In what could turn out to be the most anti-employer, pro-union, decision of the Obama-era National Labor Relations Board (“NLRB” or “Board”), the Board recently ruled that employees who have access to employer-provided email systems can use that access to communicate with other employees about forming a union. While there will likely be a legal challenge to this decision, employers seeking to comply with this new ruling will need to make some difficult decisions about their email use policies and practices.
In this landmark case (Purple Communications, Inc. and Communications Workers of America, AFL–CIO), the NLRB invalidated a fairly standard email use policy maintained by the employer, Purple Communications, Inc. Specifically, the policy required that the Company’s email system be used for “business purposes only.” Further, it prohibited “[e]ngaging in activities on behalf of organizations or persons with no professional or business affiliation with the Company” and “[s]ending uninvited email of a personal nature.” In overruling a 2007 NLRB decision which expressly permitted such a policy (i.e., Register Guard), the Board held that employee use of email for any NLRA-protected communications (i.e., discussions regarding union-organizing and other terms and conditions of employment) during non-working time “must presumptively be permitted by employers who have chosen to give employees access to their email systems.”
The Board stated that its decision in Purple Communications is “carefully limited” in two ways. First, it applies only to employees who have already been granted access to the employer’s email system and does not require employers to grant such access. Second, an employer may justify a total ban on non-work use of email, including union-organization use on non-working time, by demonstrating that “special circumstances make the ban necessary to maintain production or discipline”. However, the Board said it would be a “rare case” where special circumstances would actually warrant such a ban.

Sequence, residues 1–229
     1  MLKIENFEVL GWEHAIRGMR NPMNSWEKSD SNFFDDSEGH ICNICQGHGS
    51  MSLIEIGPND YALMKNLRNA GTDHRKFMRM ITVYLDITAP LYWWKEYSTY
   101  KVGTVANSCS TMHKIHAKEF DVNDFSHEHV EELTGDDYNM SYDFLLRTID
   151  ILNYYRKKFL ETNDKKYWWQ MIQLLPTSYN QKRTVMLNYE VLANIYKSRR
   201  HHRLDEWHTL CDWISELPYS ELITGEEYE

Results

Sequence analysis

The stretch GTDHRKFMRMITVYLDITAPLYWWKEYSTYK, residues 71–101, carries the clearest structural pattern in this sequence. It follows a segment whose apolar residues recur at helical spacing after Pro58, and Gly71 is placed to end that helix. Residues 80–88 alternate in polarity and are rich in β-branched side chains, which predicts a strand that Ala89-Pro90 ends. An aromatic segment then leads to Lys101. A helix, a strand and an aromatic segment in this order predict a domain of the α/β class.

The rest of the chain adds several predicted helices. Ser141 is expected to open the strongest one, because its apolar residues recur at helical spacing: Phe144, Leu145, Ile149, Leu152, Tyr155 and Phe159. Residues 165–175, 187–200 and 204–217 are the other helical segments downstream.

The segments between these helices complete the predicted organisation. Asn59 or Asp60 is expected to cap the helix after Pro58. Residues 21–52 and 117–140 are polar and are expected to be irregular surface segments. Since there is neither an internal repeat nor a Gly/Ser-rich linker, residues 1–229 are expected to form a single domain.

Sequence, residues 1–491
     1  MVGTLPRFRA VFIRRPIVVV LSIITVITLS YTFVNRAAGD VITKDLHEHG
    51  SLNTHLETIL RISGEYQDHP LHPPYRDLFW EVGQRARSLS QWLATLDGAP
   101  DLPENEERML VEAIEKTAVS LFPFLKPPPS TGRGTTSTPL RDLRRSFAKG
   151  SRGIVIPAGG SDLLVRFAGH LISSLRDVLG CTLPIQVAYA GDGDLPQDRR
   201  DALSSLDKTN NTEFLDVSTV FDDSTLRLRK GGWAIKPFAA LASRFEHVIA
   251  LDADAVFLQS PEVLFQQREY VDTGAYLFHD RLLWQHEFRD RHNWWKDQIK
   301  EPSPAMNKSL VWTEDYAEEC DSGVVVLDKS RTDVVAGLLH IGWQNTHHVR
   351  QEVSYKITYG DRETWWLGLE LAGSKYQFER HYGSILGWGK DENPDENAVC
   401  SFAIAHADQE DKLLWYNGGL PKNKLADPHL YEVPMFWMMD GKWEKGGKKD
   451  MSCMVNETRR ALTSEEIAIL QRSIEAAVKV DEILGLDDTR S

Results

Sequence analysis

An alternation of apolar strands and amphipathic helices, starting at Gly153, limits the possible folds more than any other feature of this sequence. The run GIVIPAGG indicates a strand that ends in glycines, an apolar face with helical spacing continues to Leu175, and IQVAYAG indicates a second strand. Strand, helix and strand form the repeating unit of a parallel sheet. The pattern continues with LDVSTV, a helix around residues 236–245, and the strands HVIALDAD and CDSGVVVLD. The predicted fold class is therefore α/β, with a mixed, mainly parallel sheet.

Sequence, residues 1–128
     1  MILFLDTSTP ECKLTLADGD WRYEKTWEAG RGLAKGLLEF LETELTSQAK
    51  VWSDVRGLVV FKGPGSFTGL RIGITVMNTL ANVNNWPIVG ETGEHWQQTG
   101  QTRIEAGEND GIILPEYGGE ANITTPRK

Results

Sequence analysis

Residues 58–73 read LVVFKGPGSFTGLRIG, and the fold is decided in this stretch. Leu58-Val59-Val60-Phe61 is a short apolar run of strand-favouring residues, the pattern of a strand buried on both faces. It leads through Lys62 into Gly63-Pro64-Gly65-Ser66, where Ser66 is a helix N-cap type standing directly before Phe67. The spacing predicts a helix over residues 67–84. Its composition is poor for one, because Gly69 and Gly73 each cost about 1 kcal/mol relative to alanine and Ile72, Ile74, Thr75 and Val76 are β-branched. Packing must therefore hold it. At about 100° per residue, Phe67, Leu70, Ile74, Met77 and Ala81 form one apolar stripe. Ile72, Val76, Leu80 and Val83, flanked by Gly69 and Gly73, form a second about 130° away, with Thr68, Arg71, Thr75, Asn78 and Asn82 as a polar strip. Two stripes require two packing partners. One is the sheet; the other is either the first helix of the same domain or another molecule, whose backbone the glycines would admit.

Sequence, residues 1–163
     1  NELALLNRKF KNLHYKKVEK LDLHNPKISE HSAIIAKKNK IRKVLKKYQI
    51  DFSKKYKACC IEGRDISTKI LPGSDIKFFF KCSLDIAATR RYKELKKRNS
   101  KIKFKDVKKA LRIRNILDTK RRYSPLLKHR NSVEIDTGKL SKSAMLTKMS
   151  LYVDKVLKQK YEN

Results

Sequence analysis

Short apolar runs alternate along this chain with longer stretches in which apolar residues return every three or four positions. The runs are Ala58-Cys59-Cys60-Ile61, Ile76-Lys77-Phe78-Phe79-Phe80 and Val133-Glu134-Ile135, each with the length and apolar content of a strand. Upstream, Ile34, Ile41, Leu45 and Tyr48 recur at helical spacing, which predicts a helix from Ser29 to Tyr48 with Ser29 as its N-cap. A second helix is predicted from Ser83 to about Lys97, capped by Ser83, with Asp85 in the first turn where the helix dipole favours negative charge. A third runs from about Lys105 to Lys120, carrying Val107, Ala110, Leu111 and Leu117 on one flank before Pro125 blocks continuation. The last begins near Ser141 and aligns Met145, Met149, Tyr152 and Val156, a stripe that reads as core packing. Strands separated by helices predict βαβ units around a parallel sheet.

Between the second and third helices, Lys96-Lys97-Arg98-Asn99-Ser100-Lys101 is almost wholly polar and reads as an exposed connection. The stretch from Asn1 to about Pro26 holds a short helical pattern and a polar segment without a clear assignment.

Bottom Line for Employers
Given the foregoing, employers are left with only one realistic option to prevent employees from using company-owned email systems in union-organizing efforts: i.e., ban all employee use of employer-owned email systems. Short of a complete ban, employers will need to revise their email use policies and practices to eliminate prohibitions on non-work related communications during non-working hours. Please note that while a policy can still limit an employee’s non-work use of the system to non-working time, there could even be problems associated with enforcing that limit. Specifically, the NLRA prohibits an employer from conducting “surveillance” of employee-union-organizing activities. Accessing and reading employee emails to determine whether an employee is using the company’s email system for non-work purposes during working time, could easily result in a union charge against the employer for such unlawful surveillance.
The only other option is to hope that the anticipated legal challenge of the Purple Communications decision is successful.
It should also be noted that President Obama recently made a new appointment to the NLRB. Given that there are a number of important cases still awaiting decisions by the Board, the Purple Communications decision may only be the first of many pro-union decisions yet to come.
What Can you Do?
With this in mind, employers should be taking precautions if they wish to remain union free. Specifically, employers should honestly evaluate their companies with respect to union vulnerability. It is important to remember that union organizing efforts often gain traction when employees feel that they are treated unfairly or without respect or dignity. Efforts to improve fairness and consistency in all aspects of employee management (e.g., wages, hours, assignments, disciplinary actions, etc.) can help foster and maintain a pro-employee, union-free environment. These efforts coupled with a strong employee communication program are perhaps the best way to avoid vulnerability to union-organizing efforts and, to some extent, render the NLRB’s actions irrelevant to your company.